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There's a Yeshiva in Washington Heights named after (and supposedly run in the spirit of) R' S. R. Hirsch.

All I could find is a Donation page there.

What kind of learning goes on there (or in other Yekkish Kehillos)? Do they learn Gemara full time or is it more in the model of the Hildesheimer Rabbinical Seminary?

  • I would like to note that the Hildesheimer Yeshiva is not a Yekkisch institution, inasmuch as R' Esriel Hildesheimer was neither German, nor located within the classic Ashkenaz borders. I would also suggest looking into the derech halimud of the Chassam Saufer, as he was born and raised in Frankfurt. Appropriately enough, R' Salman Breuer, R' Hirsch's son-in-law, while not himself German, learned under the Ksav Saufer. Another reference might be the Aruch laNer, R' Yaakov Ettlinger – Noach MiFrankfurt Jun 22 '15 at 19:34
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    It's yeshivish and the rebbeim are typically from Lakewood (as of 20 yrs. ago anyway, though my sense is that things move to the right, not the left). They generally follow the derech of Rav Shimon Schwab, z"l, and are not particularly fond of secular education (or, e.g., institutions like Yeshiva University; I think at this point Torah im derech eretz is assumed to mean: Torah, and have respect for your rebbeim;) – Loewian Jun 22 '15 at 20:13
  • @NoachmiFrankfurt en.wikipedia.org/wiki/Azriel_Hildesheimer said that he was born in Prussia (note the P :) ) – Shmuel Brin Jun 22 '15 at 20:30
  • You might want to contact the modern reincarnation of the Hildesheimer Yeshiva and see if they use the old derech. FWIW, their r"y is R' Chanoch Ehrentreu, who was himself born in Frankfurt. rabbinerseminar.de/kontakt – Noach MiFrankfurt Jun 22 '15 at 20:48
  • @Loewian which is ironic, considering how worldly and secularly learned R'Hirsch was... – Isaac Kotlicky Jun 23 '15 at 16:01
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In this blog from Treasures of Ashkenaz, the author brings a quote from a book from R' Lorch describing R' Josef Breuer's derech halimud:

“Rav Breuer followed the derech halimud of his father, Rav Shlomo Breuer, who had been a close talmid of the Ksav Sofer….Rav Shlomo Breuer belonged to the school of the Chasam Sofer in his derech halimud…striving primarily to understand thoroughly the text at hand….learned with his talmidim only ‘on the daf’. Never did the Gaon come with prepared solutions to the gemara. He never discussed only those parts of the daf where he had something to be mechadesh….he strove for clarity in the pshat of the Gemara…He would never turn to the other Rishonim until Rashi and Tosafos were clear: in particular, he would get annoyed if one went right away to the Rambam…he eschewed any attempt at pilpul, and stressed the careful understanding of an inyan rather than hasty coverage of subject matter.”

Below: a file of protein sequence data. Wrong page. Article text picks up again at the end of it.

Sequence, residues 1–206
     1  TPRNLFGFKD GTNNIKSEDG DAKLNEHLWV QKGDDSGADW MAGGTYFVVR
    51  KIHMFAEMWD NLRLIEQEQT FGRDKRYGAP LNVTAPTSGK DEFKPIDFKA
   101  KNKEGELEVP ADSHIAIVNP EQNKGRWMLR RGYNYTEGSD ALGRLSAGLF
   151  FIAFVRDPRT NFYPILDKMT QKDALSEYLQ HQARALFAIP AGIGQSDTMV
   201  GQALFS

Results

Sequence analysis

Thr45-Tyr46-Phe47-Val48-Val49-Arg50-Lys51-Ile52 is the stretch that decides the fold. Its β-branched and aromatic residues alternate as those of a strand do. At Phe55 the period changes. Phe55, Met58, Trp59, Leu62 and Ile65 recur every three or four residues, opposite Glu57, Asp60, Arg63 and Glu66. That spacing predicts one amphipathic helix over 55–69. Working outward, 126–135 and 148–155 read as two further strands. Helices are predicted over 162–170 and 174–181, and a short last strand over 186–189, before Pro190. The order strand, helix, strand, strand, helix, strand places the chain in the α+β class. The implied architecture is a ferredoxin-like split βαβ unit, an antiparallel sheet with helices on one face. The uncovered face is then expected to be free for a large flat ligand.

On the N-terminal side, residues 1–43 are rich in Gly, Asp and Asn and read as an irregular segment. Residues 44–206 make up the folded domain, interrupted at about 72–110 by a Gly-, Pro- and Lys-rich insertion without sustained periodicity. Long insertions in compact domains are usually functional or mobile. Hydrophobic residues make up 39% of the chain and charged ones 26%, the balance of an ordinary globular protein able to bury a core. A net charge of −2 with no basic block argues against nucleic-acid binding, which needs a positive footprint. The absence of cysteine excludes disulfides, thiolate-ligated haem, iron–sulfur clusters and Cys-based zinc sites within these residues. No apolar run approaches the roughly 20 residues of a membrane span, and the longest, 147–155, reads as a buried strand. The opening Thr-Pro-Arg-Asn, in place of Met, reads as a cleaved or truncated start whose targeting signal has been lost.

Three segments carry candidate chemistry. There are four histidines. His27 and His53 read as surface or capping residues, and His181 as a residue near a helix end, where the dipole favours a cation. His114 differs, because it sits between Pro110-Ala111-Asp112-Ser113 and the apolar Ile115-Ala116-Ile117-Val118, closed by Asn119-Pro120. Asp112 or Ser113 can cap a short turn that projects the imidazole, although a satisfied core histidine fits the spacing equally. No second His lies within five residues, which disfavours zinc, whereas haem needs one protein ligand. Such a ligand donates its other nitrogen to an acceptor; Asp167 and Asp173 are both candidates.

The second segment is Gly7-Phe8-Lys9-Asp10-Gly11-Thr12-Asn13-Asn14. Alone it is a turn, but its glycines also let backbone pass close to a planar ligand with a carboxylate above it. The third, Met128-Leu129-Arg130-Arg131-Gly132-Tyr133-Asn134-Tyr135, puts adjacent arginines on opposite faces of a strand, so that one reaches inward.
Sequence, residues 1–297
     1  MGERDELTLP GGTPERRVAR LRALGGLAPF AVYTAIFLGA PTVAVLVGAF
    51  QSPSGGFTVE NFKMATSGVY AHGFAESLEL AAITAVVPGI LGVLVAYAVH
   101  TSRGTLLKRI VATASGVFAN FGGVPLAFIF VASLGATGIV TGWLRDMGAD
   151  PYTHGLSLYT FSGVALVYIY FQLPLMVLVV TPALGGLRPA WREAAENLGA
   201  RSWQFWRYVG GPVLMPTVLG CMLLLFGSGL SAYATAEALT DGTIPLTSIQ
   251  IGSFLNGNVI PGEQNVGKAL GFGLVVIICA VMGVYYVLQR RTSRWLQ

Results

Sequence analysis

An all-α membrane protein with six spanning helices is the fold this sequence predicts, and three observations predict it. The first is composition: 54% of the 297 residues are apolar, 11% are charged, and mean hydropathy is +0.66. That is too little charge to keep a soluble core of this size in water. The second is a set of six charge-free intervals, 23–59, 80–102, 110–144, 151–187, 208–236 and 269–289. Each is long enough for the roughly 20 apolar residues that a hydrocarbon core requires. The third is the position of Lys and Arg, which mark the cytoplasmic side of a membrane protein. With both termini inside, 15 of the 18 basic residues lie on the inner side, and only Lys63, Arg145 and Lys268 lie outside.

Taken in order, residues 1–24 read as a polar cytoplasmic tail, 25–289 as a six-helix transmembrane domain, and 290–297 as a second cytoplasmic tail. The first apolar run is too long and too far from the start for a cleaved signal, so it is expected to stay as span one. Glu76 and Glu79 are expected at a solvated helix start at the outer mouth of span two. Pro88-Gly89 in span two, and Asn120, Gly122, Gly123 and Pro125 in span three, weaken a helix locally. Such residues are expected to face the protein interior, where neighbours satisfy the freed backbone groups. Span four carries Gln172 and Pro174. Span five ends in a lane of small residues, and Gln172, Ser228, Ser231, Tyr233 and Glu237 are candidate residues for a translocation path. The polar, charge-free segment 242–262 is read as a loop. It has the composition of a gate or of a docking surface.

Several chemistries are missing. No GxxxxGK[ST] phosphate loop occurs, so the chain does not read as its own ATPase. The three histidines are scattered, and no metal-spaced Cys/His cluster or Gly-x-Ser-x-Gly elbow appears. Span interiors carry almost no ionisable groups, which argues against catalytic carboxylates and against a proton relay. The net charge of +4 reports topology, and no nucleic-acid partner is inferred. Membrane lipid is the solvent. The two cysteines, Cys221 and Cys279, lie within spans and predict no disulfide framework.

(Lorch 41-42)

In summary, the approach of the Chassam Saufer derech (which he likely learned from his rabbanim in Frankfurt) was to approach the Gemara with the aim of understanding, first with the text and then if necessary with Rashi and Tausefaus. If this was clear, he might continue by studying the other Rishonim presented in the back of the Gemara, although he would avoid pilpul.

My grandfather ז”ל, who grew up in the Frankfurt IRG recalled that in the yeshiva, they also stressed the learning of Tanach, including Nevi'im and Ketuvim, not only Torah itself.

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The Shamshon Raphael Hirsch Yeshiva known as Breuer's learns in the classic Lithuanian yeshiva model, IE. Not in the Scholarly "Chochmat Yisrael" method that was taught in the Hildesheimer Seminary (Rav Dovid Z. Hoffman, and Rav Yechiel Yaakov Weinberg both Deans at the Seminary, taught in this method).

The Majority of their Rebbeim has studied in mainstream Lithuanian yeshivas such as Lakewood, Mir, and Brisk.

Furthermore, The Breuer's Shul K.A.J. history and leadership were students and family of Rav Shamshon Raphael Hirsch, and follow his legacy. As opposed to the Hildeshimer Seminary, which was started by Rav Ezriel Hildesheimer. These two great men differed in approaches. Rav Berel Wein puts it like this:

Though closely associated with Rabbi Shimshon Rafoel Hirsch, Rabbi Hildesheimer's view of "Torah im derech eretz" differed slightly. He saw secular studies as necessary, but unlike Rabbi Hirsch, did not believe they were in any way spiritually uplifting. Yet at the same time, he was much less of a separatist than Rabbi Hirsch and worked alongside the Reform when the German government required it. Because of this, he met with opposition on both sides of the Jewish spectrum, yet his solutions to the challenge of modernity are echoed in the current solutions implemented in the Jewish world today.

So, knowing the history of both institutions, there would be no expectation that the Breuers yeshiva would have a similar approach to the Hildesheimer Seminary.

From my own exsposure to students from the Breuers yeshiva, they generally move on after highschool or a couple of years in the Beis Medrash program to other mainstream yeshivas such as Long Beach, Mir Jerusalem, Lakewood, Brisk, Passaic etc.

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